By Aakansha Malia 3:26 pm PST

With one of the deadliest fires in the modern history of the United States, Hawaii is reeling from catastrophic wildfires, killing dozens, displacing thousands, and wiping out communities. Fifty-five people have been found dead, with the toll expected to rise as the rescue operations continue.

Governor Josh Green of Hawaii said on August 10 that the devastating wildfires that swept through western Maui are “likely the largest natural disaster in Hawaii state history.” Green also said, “It will be a new Lahaina that Maui builds in its image with its values.”

Levelling as many as 1000 buildings, the inferno, which unleased destruction mainly in the resort town of Lahaina ”will take many years and billions of dollars to rebuild” as stated by Hawain officials. Although the firefighters have contained 80% of the wildfire, which tore through Lahaina as of August 10, another fire in the hills of Maui’s central Upcountry is still being assessed.

U.S. President Joe Biden signed a disaster declaration on August 10 that will direct significant federal resources toward recovery in Maui and the Big Island. Maui’s Lahaina Town, a tourism hub and historic whaling village, has been decimated. Hawaii’s Mayor Richard Bissen said on August 10, “None of it’s there. It’s all burnt to the ground.” Hawaii’s Governor estimated that about 80% of the community is destroyed.

While thousands of homes have been destroyed, approximately 30,000 people have flown out of Maui, as per the Hawaii Tourism Authority. According to, 11,000 people across Maui have been left without power. The wildfire had also appeared to have reached the famous, massive banyan tree imported to the island in 1873 sitting along Front Street. But the tree remains mostly standing, according to reports at the scene.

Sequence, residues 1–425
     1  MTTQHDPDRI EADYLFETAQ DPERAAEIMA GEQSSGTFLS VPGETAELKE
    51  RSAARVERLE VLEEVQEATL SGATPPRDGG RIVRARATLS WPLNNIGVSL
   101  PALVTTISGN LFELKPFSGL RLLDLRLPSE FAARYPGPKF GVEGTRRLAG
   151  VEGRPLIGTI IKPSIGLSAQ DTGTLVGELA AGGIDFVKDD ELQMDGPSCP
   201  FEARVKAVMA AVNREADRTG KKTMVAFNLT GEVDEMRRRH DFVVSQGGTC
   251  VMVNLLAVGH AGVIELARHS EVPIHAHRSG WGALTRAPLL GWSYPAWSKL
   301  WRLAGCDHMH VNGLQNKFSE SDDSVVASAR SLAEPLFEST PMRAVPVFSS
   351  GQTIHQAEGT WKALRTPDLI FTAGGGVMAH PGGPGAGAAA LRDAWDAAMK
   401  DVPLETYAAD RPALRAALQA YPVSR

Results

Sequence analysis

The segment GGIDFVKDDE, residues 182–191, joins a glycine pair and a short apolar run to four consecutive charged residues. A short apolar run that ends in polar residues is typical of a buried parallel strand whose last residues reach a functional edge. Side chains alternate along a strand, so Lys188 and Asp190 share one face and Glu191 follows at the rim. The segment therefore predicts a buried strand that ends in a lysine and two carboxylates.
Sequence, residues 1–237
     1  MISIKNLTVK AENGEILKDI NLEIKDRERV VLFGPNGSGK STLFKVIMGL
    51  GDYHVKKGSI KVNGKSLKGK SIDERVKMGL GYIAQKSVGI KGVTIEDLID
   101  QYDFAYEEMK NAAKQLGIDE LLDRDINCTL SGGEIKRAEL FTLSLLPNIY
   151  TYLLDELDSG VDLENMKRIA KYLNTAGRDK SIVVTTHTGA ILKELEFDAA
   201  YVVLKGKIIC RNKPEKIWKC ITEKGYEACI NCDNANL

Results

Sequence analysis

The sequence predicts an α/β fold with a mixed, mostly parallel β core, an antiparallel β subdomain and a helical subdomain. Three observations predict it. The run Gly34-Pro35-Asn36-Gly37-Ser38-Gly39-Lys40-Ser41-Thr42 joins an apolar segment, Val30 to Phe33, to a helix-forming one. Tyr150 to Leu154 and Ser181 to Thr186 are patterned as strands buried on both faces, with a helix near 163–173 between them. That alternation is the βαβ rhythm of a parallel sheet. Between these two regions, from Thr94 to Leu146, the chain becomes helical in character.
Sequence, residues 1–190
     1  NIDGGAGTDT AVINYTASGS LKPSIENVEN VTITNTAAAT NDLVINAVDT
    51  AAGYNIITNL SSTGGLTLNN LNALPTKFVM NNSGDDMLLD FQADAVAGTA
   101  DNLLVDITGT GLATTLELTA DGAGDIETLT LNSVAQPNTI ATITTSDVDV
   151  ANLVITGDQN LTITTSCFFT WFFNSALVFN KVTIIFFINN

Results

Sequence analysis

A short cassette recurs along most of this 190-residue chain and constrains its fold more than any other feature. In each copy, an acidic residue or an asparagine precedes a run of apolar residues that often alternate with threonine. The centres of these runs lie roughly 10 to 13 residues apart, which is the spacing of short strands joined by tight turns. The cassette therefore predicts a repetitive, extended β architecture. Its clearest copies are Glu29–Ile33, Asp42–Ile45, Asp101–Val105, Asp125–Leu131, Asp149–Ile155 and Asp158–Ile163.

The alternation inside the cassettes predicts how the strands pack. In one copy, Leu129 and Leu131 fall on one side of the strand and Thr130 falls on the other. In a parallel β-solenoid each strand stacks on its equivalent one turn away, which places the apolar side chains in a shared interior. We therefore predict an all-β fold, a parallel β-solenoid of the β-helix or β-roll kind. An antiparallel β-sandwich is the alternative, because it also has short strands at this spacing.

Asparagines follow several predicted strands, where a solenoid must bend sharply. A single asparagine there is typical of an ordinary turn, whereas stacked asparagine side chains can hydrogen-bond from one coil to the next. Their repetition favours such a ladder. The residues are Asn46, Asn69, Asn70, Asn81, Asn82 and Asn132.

Scientists say that the historic fire will impact the region’s environment long-term. Burning commercial structures will leave concentrated synthetic materials in the sea, destroying the already affected coral reef. The loss of reefs will have detrimental consequences for the ecosystem.

Andrew Whelton, a professor of civil engineering and environmental and ecological engineering at Purdue University, told the Associated Press that the wildfires can contaminate private wells, water systems, and even municipal water systems. As the fire spreads deep inside the forests, scientists fear that more forest land will be covered by grass. Post-fire soil erosion can smother coral, impacts fisheries, and reduces ocean water quality.

What sparked the deadly fire is still under investigation. However, hurricane winds and dry weather in large parts of Hawaii, including the island of Maui, have fueled the flames. A state defined by its lush green vegetation has been called abnormally dry by the U.S. Drought Monitor. Before the fire broke out, Maui was already under a red flag alert due to rising temperatures, low humidity, and stronger winds.

Scientists say that dry conditions combined with non-native grasses, which are more susceptible to fire, could have caused a spark to ignite a fire. A separate threat also amplified the fire in Hawaii: Hurricane Dora, which passed south of Hawaii as a Category 4 storm on August 8. Last occurring in 2018, wildfire was an uncommon phenomenon in Hawaii caused by volcanic eruptions or lightning strikes. But in recent decades, human activity has made them more common and extreme.